Being a member at Projective Space means you get the chance of meeting some of the coolest people in the biz (yeah, we are boasting), and there’s no better way to start the month of March than by introducing you to a true entrepreneur who has a killer visual eye.
You probably already follow Sean Santiago on Instagram. With 86.8K followers, his feed illustrates behind-the-scene snaps and self-portrait images that showcase what his everyday life entails. But while Sean may be prom king of the Insta-universe, he has definitely accomplished more than just taking pictures for his perfectly-curated feed. As a design editor and creative consultant, Sean is constantly working on projects that are completely innovated and straight-up gorgeous. He has 5+ years of on-set experience with art directing and prop styling and has worked with brands such as Elle Decor, West Elm, and Bon Appetit. Even though he is now his own boss, he once worked for fashion lifestyle website, Refinery29, where he was the senior home editor and he also created queer arts and culture magazine, Cakeboy. Saying that Sean is a well-rounded entrepreneur with beautiful taste is a huge understatement.
We had the pleasure of getting to know Sean at our Freeman’s location where we chatted about how he stays true to his aesthetic, how he takes his coffee, and what his day-to-day is like. Meet the creative genius, Sean Santiago.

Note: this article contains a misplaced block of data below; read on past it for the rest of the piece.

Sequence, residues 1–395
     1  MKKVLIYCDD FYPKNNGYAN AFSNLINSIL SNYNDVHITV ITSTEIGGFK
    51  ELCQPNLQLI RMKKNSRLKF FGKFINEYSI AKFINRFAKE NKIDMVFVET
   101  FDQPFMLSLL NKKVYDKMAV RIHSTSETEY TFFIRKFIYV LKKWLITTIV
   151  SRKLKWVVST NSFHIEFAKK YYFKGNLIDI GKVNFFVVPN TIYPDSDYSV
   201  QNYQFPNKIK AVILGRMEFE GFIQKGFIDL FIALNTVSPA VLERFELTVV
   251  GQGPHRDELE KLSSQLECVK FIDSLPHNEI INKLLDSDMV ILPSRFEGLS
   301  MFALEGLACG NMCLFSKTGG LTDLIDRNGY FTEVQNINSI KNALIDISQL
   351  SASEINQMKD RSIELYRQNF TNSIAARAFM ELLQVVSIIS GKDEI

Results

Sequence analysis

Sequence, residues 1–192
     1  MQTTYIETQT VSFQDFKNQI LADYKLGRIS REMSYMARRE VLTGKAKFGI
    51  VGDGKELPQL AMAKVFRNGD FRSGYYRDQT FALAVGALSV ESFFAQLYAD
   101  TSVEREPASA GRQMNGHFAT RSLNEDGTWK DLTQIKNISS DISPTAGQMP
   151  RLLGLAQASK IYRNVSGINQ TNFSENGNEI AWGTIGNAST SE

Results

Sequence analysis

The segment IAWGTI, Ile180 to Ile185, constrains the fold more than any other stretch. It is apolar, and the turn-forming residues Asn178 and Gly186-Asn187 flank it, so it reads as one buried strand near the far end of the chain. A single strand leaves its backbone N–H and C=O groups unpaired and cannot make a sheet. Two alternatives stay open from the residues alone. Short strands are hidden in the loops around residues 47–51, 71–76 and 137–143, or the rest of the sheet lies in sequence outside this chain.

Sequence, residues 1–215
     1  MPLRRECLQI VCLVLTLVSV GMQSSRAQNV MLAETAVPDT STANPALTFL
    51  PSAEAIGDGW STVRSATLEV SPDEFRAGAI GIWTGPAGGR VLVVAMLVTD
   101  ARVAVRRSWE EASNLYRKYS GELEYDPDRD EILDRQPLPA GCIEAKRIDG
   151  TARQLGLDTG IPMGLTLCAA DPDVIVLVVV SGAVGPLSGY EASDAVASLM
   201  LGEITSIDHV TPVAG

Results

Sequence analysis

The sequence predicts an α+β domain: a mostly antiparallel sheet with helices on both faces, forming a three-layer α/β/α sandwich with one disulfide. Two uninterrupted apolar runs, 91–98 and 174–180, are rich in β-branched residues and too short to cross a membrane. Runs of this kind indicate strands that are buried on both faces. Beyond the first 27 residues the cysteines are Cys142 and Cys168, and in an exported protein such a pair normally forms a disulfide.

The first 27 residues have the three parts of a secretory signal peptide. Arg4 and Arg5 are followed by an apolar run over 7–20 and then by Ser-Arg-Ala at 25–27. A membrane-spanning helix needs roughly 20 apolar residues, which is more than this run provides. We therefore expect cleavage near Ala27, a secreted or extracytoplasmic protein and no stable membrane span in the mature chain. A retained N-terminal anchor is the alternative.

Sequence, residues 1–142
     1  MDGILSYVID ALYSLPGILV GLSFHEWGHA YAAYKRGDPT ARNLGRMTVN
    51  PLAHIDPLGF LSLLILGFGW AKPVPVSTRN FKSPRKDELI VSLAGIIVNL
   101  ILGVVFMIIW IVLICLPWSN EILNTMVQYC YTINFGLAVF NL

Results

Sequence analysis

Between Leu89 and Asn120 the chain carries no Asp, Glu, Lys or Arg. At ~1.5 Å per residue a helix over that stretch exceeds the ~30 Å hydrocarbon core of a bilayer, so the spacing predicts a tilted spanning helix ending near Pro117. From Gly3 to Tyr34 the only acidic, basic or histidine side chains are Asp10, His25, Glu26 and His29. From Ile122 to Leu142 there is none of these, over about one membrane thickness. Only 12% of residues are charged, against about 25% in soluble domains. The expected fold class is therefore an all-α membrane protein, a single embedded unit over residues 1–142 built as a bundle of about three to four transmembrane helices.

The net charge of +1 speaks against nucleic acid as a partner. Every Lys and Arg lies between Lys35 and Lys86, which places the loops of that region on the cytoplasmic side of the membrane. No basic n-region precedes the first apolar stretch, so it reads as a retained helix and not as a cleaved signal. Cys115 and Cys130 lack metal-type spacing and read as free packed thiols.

As a design editor and creative consultant, what is your day-to-day like in the office?
It always varies! Even when I work from home and maybe all I have to do is write, I still try to schedule my day as if someone is holding me accountable. I put everything on my calendar, even just "office time" so that it feels real.
How do you normally take your coffee?
French pressed, with almond milk and honey in a demitasse cup because I'm a lady :)
As an entrepreneur juggling multiple projects at once, how do you keep yourself focused and prioritize your tasks to get everything done in a timely manner?
Again with the calendar, but also just constantly asking myself what the payoff of each project will be in the long run. I write so much and it's really easy to feel like I'm constantly pitching stories I'm not passionate about just to make ends meet, so I remind myself to set aside time for pursuing longer lead stories and projects that will build up my portfolio in a meaningful way. As long as there's money in the bank...
Before going freelance you were a senior home editor at Refinery29. What was it like in such a corporate environment and how has that shaped your work ethic for your own business?
It helped me so much, honestly, and gave me such a strong foundation to work from. I had a lot of autonomy to pursue creative work that spoke to me and was also challenged with scaling content for a massive audience in a way I'd never even considered before. It was a great way to really reaffirm my skills in the digital space, and as someone who runs a print magazine, to really clarify the strong suits of that kind of platform versus traditional media and see how they can support and complement each other.